After dinner, Todd and Dalton drove me down to a gorgeous riverside park in downtown Owensboro to watch the sunset. Todd is a professional artist and he allowed me to film him painting the sunset, watching his brush blend and smear the colors on the canvas, chasing the pink light as it disappeared below the Ohio River. It was a lot like watching Bob Ross on PBS: there were several moments where I thought he surely botched the whole painting, then over time I began to see it all come together into something amazing. With the presence of my camera, tripod, and microphone, as well as Dalton on the other side taking his own video, it roused the interest of most of the kids at the park and they began crowding around, one of them asking, "is this guy famous?" Dalton and I simultaneously answered, "Yeah, kind of!" For a moment I think we all felt unnecessarily important.
After some morning coffee and warm biscuits with butter and jam, I said goodbye to Todd and peddled away, feeling that I had made another long-lasting friendship. I spent the morning thinking about getting into painting, which is one of the miraculous things I have discovered about an adventure like this: you tend to find new avenues of inspiration from these brief, yet meaningful, encounters with people.
The day's ride consisted of several sketchy highways with little side room and lots of traffic until I crossed the border into Indiana and reached the outskirts of Louisville suburbia. The traffic began to swarm me and I started to notice a pattern in the types of businesses: gun stores, liquor stores, tattoo shops, pawn shops, small convenience stores with large EBT ACCEPTED signs, and cash advance places.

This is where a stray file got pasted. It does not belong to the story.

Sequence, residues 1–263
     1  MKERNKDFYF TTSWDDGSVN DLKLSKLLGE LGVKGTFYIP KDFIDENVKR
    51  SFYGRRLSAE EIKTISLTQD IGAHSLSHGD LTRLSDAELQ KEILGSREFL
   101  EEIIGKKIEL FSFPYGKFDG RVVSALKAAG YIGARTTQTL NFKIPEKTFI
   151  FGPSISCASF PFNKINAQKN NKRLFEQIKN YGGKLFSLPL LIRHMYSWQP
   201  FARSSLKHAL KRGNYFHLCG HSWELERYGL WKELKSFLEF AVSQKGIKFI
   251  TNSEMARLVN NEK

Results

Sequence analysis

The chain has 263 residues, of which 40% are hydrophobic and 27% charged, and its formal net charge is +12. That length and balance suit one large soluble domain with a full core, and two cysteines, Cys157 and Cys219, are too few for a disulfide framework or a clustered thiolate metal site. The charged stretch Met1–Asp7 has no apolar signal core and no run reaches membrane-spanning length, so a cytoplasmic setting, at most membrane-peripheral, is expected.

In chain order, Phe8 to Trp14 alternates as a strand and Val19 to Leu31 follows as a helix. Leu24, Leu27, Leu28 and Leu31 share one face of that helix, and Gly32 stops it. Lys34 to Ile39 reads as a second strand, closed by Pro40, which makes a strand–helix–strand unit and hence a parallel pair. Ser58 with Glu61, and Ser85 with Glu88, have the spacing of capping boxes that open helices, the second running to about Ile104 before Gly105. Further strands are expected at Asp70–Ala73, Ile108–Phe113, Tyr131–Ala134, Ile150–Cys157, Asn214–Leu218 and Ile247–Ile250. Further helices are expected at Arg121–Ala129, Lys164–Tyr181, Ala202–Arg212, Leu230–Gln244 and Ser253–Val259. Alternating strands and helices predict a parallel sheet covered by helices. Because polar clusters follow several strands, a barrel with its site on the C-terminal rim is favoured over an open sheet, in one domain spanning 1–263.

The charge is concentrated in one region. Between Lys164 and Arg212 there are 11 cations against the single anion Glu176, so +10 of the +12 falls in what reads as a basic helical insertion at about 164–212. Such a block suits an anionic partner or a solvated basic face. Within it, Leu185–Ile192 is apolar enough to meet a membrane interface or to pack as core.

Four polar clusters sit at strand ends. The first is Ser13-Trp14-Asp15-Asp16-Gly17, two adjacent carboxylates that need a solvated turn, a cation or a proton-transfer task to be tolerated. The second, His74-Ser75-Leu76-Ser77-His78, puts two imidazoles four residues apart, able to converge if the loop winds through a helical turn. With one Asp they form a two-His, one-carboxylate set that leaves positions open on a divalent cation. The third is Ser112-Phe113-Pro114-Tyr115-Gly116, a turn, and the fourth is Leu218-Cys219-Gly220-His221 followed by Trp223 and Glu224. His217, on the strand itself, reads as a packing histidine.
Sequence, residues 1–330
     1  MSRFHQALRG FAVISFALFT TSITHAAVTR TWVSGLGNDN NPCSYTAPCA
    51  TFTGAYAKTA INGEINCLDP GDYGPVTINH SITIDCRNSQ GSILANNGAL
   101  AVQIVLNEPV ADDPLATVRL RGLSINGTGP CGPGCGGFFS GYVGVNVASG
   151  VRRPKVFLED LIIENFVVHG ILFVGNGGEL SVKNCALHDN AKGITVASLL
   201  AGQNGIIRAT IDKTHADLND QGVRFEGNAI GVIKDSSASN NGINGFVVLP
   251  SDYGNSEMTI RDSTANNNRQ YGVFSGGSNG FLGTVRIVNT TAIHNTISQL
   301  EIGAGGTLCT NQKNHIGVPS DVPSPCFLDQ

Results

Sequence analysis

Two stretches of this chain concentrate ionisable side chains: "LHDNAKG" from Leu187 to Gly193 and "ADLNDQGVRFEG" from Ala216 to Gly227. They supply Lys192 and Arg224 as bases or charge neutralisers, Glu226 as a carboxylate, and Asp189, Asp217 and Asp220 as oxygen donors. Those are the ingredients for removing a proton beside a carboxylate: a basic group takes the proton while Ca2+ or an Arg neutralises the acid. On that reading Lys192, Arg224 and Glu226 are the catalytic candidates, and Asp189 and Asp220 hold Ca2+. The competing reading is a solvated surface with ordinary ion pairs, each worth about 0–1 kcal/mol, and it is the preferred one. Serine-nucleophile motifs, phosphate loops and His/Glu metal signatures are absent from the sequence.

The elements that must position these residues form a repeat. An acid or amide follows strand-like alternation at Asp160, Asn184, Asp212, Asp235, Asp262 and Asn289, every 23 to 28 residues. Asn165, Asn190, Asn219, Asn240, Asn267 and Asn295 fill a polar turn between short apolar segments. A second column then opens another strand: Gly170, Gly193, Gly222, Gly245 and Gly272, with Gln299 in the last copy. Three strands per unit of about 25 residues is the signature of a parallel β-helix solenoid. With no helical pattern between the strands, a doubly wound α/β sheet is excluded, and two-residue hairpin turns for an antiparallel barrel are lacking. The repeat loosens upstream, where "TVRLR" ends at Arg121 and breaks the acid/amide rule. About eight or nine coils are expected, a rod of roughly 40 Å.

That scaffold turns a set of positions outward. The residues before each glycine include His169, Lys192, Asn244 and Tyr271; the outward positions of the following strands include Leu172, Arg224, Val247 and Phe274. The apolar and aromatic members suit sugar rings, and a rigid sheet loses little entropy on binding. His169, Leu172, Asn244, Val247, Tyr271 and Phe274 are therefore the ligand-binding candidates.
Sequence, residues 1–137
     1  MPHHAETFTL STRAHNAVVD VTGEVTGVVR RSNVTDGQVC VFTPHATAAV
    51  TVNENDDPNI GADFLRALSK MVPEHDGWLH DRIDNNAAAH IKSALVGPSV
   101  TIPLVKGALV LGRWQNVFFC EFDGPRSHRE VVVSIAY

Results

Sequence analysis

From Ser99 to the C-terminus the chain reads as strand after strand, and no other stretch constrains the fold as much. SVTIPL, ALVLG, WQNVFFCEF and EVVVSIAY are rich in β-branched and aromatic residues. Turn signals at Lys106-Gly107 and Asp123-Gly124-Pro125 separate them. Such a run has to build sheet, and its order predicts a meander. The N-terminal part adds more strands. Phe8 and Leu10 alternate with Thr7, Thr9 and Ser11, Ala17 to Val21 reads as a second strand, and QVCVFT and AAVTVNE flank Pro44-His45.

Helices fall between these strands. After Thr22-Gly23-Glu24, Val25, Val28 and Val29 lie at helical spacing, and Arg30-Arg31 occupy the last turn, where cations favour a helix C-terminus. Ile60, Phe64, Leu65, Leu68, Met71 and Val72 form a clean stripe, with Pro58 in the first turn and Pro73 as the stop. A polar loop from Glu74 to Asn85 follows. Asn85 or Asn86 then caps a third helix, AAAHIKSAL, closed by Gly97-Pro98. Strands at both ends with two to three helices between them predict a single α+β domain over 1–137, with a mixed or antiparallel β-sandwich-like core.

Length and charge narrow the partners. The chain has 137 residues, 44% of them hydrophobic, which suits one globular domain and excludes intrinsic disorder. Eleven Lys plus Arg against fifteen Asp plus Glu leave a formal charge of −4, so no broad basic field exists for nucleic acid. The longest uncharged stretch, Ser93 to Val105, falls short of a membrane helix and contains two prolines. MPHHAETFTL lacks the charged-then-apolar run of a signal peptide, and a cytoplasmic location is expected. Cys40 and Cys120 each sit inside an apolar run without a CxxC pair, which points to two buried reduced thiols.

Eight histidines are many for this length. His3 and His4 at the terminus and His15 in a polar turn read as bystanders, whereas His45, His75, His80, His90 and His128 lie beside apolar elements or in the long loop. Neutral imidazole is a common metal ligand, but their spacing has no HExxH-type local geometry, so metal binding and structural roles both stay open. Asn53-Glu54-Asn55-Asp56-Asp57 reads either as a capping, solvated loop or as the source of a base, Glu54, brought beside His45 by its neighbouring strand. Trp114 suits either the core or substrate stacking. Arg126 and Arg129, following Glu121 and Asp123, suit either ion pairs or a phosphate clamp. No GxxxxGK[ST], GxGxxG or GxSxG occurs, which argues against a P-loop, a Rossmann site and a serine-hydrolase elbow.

I pulled up to a stoplight and got a really uneasy feeling as a group of thugs began circling around my bike whistling and hollering. The light turned green and all I could hear was "something…white boy!," as I moved my heavy bike faster than I ever knew was possible from a dead stop. For the first time in what seemed like a long time, I was back in the city. After several blocks, I began to see well-manicured lawns and a normal-looking grocery store. Despite not crossing over any, I must have made it to the other side of the tracks. Using my phone, I found the cheapest motel, and once I arrived it became apparent that despite not changing directions, I must have crossed some other tracks to get to it. After my bike was safely in the room, the first thing I did was fasten the deadbolt. It was that kind of neighborhood, but it was cheap.
Thanks for all the prayers, shares, comments, donations, and support. I truly appreciate all the love and support!